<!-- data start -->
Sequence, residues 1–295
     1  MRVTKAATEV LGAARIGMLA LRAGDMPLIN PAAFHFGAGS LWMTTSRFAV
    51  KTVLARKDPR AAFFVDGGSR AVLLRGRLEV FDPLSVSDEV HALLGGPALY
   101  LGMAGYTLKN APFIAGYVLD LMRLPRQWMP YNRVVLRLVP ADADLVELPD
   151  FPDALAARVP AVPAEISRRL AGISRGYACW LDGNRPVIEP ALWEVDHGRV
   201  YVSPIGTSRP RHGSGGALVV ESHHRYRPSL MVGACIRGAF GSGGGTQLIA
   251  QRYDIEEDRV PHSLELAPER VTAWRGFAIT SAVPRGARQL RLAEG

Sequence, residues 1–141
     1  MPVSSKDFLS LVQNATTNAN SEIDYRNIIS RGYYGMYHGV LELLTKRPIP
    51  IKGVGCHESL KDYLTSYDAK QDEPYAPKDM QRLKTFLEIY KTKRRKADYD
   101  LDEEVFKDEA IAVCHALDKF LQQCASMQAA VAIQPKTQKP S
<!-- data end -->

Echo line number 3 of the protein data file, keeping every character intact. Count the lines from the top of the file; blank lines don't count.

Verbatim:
    51  KTVLARKDPR AAFFVDGGSR AVLLRGRLEV FDPLSVSDEV HALLGGPALY